a spiffy rules variant for munchkin

I'm making myself a little crazy trying to write a column about gaming, gamers, gaming conventions, and why they all add up to mean so much to me. It's not that I can't find the words but – well, maybe it is that I can't find the words. Or, more accurately, I can't find enough words, because I can sum it all up like this: "When I'm gaming, I feel like I am with my tribe."

Hurm. Maybe that's a good launching point, and I can get a little more in-depth from there. (Related: Damn you, Twitter, for making me able to say just about everything I want to say in just 140 characters.)

So speaking of gaming, when I was at RinCon last weekend, I played a couple of memorable games of Munchkin. One of them was an official event called Czar Munchkin that, as the name implies, featured a table of us gamers versus the official Munchkin Czar, who happens to be my friend (and editor of all my books) Andrew. Through some exceptionally munchkin-y behavior, I ended up winning the game, making my Munchkin Convention Play record a perfect 2-0. w00t. Go me.

That game was a lot of fun, and Andrew ran it as a Child's Play fundraiser (what a great idea, Andrew! Great minds think alike!) so we raised even more shiny gold rocks while we played.

The other game I played happened in the lobby of our hotel, where we tried out some variant rules that Andrew wanted to playtest with me and some of our other friends. I can't disclose all the different rules we tried, but one of the ones I really liked was announced in today's Daily Illuminator at SJ Games:

Rules Variant – Listening at the Door

We've been trying out this variant Munchkin rule and figured we'd throw it out for y'all to play around with.

At the start of your turn, draw a face-down Door card ("Listening at the Door"). You may now rearrange your items, do trades, or whatever. Then you Kick Down a Door (starting combat if there's a monster) and your turn proceeds normally . . . except that if you Loot The Room, you draw a face-down Treasure instead of a Door.

I had a great time playing with this variant, because it meant we burned through a lot of cards in a short amount of time (using the original classic set only, we shuffled each deck at least once, and I think we did treasures twice.) I have several expansions, and while it's fun to add new cards to the game, it's also a drag to end up with so many cards, you don't get to see them all. Playing with this rule means you get to see more cards, and it increases the chances of serious mayhem by some number you'd get if you rolled percentile dice.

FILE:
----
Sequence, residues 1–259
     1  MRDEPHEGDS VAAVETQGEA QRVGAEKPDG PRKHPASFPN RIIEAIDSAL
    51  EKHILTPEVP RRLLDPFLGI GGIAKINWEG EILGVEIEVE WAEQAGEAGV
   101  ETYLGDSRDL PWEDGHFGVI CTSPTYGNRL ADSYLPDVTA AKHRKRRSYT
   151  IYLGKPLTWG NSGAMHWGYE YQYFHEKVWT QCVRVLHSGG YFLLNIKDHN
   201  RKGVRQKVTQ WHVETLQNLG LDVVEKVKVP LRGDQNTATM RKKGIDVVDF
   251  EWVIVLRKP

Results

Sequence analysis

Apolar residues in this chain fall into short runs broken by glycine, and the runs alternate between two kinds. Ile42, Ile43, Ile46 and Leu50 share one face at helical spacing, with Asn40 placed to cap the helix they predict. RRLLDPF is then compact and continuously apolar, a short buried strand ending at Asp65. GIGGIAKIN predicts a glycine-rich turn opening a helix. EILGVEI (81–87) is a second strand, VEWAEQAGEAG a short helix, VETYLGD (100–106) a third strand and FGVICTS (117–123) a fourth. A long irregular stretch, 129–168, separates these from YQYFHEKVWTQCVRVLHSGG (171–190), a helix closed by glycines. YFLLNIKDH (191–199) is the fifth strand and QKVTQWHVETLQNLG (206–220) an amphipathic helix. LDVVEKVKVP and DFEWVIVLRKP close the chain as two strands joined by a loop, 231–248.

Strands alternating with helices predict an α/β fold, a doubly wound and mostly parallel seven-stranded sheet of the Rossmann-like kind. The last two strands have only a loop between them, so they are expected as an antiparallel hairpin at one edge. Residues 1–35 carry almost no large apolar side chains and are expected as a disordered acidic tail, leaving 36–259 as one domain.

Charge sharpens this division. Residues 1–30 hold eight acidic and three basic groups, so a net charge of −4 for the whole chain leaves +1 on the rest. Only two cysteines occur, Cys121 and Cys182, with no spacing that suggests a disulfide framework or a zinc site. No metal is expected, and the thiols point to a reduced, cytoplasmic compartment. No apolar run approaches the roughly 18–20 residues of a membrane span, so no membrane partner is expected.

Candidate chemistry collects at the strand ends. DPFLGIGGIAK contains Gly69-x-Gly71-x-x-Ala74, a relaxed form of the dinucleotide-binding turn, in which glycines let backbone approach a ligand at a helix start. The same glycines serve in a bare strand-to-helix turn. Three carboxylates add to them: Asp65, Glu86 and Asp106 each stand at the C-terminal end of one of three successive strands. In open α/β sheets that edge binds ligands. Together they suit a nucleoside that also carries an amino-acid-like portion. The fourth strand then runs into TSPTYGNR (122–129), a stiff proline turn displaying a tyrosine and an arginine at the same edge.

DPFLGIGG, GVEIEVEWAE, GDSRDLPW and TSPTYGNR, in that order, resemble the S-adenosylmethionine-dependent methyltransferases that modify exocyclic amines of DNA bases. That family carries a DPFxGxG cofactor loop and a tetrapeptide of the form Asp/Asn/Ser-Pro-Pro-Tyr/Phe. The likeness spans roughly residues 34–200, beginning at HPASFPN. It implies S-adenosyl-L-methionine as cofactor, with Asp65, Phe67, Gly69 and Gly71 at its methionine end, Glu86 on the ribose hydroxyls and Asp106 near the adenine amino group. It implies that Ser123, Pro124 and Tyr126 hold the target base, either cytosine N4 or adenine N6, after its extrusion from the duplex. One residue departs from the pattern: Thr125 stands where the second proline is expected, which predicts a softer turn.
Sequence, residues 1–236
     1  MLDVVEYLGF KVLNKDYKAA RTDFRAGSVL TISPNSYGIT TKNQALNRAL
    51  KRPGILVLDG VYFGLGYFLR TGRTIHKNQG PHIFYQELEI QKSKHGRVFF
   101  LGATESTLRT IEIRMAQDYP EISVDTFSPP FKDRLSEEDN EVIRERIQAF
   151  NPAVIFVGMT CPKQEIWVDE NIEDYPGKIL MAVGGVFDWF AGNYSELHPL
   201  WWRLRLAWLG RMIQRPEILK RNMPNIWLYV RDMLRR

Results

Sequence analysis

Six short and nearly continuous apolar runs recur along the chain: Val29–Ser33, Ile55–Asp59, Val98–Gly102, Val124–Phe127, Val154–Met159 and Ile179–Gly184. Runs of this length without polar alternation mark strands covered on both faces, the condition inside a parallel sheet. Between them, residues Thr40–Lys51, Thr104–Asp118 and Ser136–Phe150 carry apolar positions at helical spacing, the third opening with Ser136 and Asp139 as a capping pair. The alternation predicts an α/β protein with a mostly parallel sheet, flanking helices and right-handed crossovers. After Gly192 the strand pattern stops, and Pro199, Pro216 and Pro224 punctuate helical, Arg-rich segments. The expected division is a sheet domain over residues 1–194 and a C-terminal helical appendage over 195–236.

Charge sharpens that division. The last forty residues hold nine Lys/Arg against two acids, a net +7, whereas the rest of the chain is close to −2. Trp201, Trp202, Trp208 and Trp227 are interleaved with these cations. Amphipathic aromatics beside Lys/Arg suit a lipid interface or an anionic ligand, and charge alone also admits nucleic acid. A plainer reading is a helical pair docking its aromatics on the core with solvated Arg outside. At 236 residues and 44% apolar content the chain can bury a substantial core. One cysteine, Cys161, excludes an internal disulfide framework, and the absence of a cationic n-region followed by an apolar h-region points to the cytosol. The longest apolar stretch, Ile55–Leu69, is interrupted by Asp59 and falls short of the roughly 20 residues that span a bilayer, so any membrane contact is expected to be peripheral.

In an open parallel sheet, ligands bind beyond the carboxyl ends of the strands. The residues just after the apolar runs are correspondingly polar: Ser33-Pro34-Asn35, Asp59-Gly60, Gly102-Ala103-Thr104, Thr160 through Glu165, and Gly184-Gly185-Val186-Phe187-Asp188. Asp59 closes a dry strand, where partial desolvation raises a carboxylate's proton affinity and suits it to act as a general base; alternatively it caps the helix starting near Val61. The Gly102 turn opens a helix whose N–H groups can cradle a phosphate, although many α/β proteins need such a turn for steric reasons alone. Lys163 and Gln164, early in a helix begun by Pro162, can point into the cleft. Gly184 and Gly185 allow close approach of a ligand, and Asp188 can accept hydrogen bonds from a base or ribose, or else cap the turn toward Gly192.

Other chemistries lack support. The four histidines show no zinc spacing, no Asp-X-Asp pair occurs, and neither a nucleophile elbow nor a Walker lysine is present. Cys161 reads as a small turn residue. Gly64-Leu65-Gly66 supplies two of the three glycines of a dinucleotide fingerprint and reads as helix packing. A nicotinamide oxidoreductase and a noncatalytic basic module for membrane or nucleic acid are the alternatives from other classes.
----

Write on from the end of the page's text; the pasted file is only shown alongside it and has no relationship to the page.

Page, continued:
If you're still reading, you probably play the game, so I think you'll appreciate this: Andrew was at level 9, and seemed poised to win the game, so the rest of us teamed up to defeat him. As it turned out, though, we were just delaying the inevitable.

Andrew was a Cleric, and went after me. On my turn, I looked for trouble, and fought (and defeated) the Floating Nose to get myself to level 9. Andrew resurrected the Floating Nose on his turn, and announced that he was fighting it for the win. We did the usual things with whatever cards we had left, and when it appeared that we were going to hold him off for at least another round, he played the Potion of Halitosis to beat the Floating Nose and win the game. It was delightfully silly and Munchkiny, too, because he could have just played the cards together, but he made us all go through our hands and gave us just a little bit of hope, before he dashed it all to hell.

Munchkin seems to be one of those games that really divides gamers into seriously polarized camps. I know it's not for everyone, but I just love it, because it's just so silly.

52 thoughts on “a spiffy rules variant for munchkin”

  1. Seriously Munchkinly indeed. Once upon a time, back when our Munchkin Set of Doom ™ only had about eight decks (instead of the current 13 or 14 — I can’t keep track) we took it to Louisiana where I was competing in GumboFest. We stayed with my brother the (then) Brother (now Father). Upon introducing the good gent to the game he promptly set about to soundly thrash us. Four of the five of us were at level 9 and playing hard fought to win. I was playing a Cleric and turned over Divine Intervention. My good Brother promptly thwacked me with something that snatched a level (out of the brand-shiny Clerical Errata set) and then proceeded to claim victory on the basis of *being* a Cleric, not just playing one. After some discussion we agreed that being a cleric does in fact trump playing one and granted him the house rule victory. He only gets the advantage when wearing his habit, however. :-)

  2. Wonderful story. I sent it to my friend Andrew, who is the official Munchkin Czar at SJ Games. I think he and the rest of the crew there will get a kick out of it.

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